Waiting 2

In Waiting I described the saga of being all set to go on a long trip only to have my car break down the night before I was to leave.

In Waiting 2 we continue and conclude the story.

Finally, the dealer called saying the car was all set. I called a cab, loaded all my gear in for the trip, and hoofed it to the dealer across the river. It was -9 degrees outside. 

I paid up and loaded everything in the car. Driving out of the garage the temperature went from warm inside the shop to brutal cold. I watched the new paint job on the hood from a few weeks earlier shrink, crack, and peel off as I drove away, leaving bare metal. I didn't hesitate. I headed straight for New Orleans.

914 Porsches were mostly the same as VW Beetles meaning their engines were air-cooled and any heat was provided by heater boxes on either side of the car under the body. What warm air the car made was provided by the exhaust pipes going through the heater boxes, then that air was sent into the cabin by a fan. -9 degrees was way too much for this system so I froze until I got far enough south for the outside temp to be higher. I drove to New Orleans as fast as I could.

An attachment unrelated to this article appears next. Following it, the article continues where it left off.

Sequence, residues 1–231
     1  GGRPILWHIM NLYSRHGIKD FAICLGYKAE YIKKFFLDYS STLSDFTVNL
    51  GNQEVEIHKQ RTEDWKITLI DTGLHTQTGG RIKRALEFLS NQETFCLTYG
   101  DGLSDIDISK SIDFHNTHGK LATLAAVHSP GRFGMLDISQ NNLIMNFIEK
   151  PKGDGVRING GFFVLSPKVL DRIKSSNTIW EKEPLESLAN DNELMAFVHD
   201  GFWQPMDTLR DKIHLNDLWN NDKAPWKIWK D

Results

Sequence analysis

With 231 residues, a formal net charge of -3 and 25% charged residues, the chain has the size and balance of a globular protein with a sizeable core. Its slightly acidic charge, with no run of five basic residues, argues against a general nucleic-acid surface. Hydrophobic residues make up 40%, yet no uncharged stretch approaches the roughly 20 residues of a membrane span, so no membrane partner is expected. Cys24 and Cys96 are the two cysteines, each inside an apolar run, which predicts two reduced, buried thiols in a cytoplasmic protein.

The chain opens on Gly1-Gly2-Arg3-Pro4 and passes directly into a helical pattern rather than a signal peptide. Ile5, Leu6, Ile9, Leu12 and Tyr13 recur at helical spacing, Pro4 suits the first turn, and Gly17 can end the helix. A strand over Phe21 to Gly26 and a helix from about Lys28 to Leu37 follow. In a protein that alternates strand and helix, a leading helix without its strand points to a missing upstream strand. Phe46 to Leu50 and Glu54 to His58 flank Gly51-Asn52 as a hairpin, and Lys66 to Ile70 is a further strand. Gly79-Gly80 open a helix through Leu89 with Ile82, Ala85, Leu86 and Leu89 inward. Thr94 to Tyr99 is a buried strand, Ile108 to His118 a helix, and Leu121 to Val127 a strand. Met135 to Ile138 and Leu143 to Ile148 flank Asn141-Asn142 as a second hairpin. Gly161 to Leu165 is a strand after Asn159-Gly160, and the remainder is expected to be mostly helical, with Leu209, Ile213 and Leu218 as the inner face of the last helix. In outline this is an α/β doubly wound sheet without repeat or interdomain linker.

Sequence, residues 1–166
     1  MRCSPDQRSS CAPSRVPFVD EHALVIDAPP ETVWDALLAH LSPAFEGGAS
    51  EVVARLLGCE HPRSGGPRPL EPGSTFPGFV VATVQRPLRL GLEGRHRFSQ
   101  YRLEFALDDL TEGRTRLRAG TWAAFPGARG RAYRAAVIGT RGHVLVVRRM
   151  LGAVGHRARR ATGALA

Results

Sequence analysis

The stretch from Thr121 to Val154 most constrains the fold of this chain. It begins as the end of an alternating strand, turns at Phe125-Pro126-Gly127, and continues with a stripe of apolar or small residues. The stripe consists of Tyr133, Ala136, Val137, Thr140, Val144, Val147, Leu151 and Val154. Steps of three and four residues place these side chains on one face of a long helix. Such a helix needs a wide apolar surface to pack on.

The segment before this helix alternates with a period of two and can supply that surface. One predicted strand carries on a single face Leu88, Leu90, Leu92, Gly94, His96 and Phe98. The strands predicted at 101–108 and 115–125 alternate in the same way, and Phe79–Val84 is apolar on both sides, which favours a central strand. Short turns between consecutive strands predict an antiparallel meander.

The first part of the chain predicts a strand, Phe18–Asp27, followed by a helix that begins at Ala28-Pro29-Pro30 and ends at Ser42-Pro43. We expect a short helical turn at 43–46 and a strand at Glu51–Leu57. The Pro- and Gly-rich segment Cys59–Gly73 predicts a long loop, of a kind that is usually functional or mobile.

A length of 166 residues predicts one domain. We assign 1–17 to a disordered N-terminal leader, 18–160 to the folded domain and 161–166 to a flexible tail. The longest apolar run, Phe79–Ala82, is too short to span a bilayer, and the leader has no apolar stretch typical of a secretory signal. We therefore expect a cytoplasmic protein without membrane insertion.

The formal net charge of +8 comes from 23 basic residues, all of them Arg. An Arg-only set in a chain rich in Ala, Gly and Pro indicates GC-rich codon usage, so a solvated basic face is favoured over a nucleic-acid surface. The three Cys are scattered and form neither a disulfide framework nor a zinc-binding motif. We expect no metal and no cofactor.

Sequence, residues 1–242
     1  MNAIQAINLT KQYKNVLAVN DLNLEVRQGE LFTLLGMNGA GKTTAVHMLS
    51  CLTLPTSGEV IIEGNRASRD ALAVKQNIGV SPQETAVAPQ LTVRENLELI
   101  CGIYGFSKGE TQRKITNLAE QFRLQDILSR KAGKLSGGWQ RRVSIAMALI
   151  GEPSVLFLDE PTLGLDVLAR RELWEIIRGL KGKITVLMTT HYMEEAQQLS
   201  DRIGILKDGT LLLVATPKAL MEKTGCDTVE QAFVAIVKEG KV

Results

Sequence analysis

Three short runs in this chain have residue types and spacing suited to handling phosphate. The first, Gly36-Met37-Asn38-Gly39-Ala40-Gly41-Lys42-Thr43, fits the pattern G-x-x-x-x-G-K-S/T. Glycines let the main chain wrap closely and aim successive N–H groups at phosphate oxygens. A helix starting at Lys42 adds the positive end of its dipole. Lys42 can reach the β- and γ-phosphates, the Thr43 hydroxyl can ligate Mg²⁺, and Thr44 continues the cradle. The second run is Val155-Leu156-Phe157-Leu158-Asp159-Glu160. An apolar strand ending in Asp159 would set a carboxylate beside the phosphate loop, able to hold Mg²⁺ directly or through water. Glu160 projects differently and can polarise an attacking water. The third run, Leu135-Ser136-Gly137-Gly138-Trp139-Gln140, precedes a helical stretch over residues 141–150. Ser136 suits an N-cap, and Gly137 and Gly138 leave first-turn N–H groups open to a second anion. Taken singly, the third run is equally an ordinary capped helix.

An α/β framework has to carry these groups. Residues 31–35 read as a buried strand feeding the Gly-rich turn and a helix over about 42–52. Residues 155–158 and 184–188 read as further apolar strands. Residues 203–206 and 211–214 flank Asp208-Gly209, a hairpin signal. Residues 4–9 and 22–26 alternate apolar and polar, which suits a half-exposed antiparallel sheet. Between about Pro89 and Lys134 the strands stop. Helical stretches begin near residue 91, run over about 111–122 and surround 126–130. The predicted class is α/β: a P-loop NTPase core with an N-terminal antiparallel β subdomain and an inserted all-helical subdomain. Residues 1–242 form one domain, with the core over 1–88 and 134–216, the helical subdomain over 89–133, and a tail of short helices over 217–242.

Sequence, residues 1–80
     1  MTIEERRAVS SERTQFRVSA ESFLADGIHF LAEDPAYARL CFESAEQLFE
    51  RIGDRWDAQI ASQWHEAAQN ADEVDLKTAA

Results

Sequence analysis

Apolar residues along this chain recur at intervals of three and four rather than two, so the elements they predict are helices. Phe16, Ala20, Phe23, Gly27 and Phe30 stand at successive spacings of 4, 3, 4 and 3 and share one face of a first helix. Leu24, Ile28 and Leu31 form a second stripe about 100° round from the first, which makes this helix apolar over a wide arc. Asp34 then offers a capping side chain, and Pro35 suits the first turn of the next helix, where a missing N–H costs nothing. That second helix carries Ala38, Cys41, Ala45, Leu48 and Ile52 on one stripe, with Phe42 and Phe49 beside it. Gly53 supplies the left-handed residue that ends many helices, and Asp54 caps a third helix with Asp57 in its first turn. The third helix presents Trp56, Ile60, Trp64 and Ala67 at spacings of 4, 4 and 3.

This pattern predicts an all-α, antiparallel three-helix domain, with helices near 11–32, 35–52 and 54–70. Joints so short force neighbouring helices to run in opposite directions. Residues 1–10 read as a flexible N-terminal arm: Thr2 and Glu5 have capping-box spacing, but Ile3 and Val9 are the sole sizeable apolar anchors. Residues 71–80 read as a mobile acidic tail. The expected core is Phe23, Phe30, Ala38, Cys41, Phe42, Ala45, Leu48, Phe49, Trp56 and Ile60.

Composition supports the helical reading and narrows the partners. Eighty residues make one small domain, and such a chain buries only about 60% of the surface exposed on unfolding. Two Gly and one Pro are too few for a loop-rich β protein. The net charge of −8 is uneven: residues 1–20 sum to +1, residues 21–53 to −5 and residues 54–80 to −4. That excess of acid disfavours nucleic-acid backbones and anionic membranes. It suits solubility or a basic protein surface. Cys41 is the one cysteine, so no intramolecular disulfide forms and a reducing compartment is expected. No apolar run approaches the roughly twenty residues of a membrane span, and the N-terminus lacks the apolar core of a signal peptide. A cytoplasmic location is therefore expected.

The rest of the trip was uneventful and I had no more disasters.  I met and befriended wonderful people: Fred Sommer, Todd Walker, Ed Ranney, Bill Jenkins, Harold Jones, Ann Tucker. And I made pictures, lots of them:

 I didn't get a teaching job in the Southwest that year or any other year. I ended up heading home after having three memorable days with Fred Sommer in Prescott, AZ at the end of the trip. The next year I'd be offered the job at Northeastern University and taught there for the next thirty years. 

But waiting that early January in 1979 put me through some changes. I can still feel that desperation and panic too. Forced to wait, all control over my own fate taken away by a broken axle. 

Topics: Commentary

Permalink | Posted January 28, 2022